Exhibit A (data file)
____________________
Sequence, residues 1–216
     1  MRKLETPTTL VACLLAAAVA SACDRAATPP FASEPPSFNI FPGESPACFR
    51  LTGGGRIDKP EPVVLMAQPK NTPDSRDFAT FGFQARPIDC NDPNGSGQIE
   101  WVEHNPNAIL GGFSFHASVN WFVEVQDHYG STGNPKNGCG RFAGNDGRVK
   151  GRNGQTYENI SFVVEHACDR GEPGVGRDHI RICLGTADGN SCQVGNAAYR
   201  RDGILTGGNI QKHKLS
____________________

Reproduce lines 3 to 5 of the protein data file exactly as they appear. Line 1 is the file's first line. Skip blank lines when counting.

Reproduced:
    51  LTGGGRIDKP EPVVLMAQPK NTPDSRDFAT FGFQARPIDC NDPNGSGQIE
   101  WVEHNPNAIL GGFSFHASVN WFVEVQDHYG STGNPKNGCG RFAGNDGRVK
   151  GRNGQTYENI SFVVEHACDR GEPGVGRDHI RICLGTADGN SCQVGNAAYR